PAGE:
The molecules responsible for transcriptional bursting
New insights into what causes neighboring, genetically identical stem cells in mouse embryos to behave differently in terms of the proteins they produce could have implications for regenerative medicine and the early detection of cancer. Cells are like miniature factories that produce proteins that organs need to function. This production process begins with the copying, or transcription, of DNA into messenger RNA (mRNA).
When viewing lots of cells en masse this transcription seems smooth and continuous. But the situation is very different on a single-cell level, where DNA transcription proceeds in fits and starts. This erratic nature of DNA transcription, which is dubbed transcriptional bursting, is partly why cells with identical DNA in the same environment differ from each other. Despite much research, nobody really knows the molecular mechanisms that cause the fluctuation in gene expression in the cells of mammals.
Now, by analyzing the mRNA produced by single embryonic stem cells from mice, Itoshi Nikaido of the RIKEN Center for Biosystems Dynamics Research, Hiroshi Ochiai of Hiroshima University, and co-workers have identified some of the proteins that play a key role in regulating the kinetics of transcriptional bursting. Specifically, they found that a combination of proteins that bind to promoters and gene bodies, including the polycomb repressive complex 2 (PRC2) and transcription elongation factors, control the timing of transcriptional bursting.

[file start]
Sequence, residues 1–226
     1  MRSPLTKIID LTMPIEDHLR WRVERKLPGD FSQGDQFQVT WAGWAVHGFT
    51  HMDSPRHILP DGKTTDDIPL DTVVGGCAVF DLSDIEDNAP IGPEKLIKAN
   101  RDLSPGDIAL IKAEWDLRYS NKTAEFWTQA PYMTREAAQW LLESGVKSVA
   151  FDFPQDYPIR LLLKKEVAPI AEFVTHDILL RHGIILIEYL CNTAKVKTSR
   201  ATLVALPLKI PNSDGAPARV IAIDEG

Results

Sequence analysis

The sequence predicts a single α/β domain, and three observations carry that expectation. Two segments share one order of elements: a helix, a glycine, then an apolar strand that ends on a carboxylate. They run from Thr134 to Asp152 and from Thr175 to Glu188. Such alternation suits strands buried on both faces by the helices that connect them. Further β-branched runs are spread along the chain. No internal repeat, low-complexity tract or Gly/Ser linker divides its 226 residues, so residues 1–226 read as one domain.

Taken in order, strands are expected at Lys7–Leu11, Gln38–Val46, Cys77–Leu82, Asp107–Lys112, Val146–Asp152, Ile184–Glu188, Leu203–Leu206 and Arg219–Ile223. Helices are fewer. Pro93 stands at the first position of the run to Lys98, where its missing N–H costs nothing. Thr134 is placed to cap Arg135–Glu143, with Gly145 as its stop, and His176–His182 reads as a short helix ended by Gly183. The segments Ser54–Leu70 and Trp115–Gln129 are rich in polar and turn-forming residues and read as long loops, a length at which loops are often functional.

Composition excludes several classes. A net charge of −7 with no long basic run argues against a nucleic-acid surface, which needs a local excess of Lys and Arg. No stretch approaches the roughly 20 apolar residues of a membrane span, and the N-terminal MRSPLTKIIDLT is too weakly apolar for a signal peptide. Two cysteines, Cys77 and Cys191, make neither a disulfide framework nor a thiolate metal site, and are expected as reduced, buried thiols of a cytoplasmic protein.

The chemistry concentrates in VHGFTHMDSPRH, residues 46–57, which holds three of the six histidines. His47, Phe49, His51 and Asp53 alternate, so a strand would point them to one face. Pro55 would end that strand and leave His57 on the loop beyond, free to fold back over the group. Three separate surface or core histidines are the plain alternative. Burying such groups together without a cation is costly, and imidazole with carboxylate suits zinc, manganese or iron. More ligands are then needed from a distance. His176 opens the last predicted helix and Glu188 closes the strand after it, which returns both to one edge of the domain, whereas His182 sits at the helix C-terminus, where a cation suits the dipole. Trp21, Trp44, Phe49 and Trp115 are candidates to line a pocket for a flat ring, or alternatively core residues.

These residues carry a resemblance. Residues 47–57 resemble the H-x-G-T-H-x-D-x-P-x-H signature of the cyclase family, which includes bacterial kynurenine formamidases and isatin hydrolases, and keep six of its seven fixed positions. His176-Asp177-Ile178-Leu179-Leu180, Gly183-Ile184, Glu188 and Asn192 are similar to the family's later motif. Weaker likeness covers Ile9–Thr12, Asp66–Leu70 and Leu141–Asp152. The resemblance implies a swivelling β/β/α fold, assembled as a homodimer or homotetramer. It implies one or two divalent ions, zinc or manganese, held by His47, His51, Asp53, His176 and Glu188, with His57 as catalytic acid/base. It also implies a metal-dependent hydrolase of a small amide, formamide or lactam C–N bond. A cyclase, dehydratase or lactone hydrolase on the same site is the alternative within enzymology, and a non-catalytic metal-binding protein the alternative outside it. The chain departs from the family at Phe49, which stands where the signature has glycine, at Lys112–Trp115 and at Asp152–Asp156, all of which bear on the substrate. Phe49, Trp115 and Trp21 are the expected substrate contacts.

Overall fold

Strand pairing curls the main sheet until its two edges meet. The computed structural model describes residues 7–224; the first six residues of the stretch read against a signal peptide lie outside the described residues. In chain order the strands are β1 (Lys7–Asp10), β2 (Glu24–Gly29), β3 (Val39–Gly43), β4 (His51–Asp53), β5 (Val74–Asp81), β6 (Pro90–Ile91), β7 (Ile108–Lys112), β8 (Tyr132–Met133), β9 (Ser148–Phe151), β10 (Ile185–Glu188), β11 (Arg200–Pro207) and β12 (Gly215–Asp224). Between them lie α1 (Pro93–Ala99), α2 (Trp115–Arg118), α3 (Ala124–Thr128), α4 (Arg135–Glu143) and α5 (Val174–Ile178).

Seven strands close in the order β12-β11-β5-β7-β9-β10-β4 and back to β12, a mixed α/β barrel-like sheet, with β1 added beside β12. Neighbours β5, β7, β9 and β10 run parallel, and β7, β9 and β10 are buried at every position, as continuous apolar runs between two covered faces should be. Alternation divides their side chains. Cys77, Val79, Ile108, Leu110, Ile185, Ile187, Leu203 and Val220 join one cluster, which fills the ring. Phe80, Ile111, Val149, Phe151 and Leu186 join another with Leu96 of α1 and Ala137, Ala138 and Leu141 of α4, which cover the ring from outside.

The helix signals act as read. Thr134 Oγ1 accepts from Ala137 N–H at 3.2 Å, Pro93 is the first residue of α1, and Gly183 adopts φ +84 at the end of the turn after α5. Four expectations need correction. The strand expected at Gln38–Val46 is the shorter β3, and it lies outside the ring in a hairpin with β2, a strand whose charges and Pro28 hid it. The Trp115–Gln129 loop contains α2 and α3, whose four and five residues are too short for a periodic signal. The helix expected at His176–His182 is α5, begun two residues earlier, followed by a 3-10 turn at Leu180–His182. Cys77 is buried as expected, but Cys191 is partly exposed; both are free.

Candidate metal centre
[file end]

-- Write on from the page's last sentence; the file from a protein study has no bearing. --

This finding goes against a popular theory that hypothesizes that a single 'master regulator' controls the process. "Many researchers believe that the mechanism of transcriptional bursting is controlled by a master regulator," notes Ochiai. "Surprisingly, our data indicates that the kinetic properties of transcriptional bursting of individual genes are not driven by a single master regulator but by a combination of factors that bind to promoters and gene body."
The finding was made possible by a highly reproducible and sensitive method for analyzing mRNA produced by single cells, which was developed by the team in 2018. "This method strongly contributed to quantifying transcription bursting in this study," says Nikaido.
The team anticipates that their fundamental research could find practical applications. "Our findings and techniques may help to establish efficient methods for inducing the differentiation of pluripotent stem cells, such as human iPS cells, into specific cell types," says Nikaido. "Thus, they are expected to be applied to regenerative medicine."
Another possible application is cancer. "Since we know cellular heterogeneity that does not involve genetic mutations occurs when cancer cells grow in the body, we're applying these methods to study the origin and evolution of cancer," says Nikaido. "This research could lead to the development of diagnostic techniques for the early detection of cancer."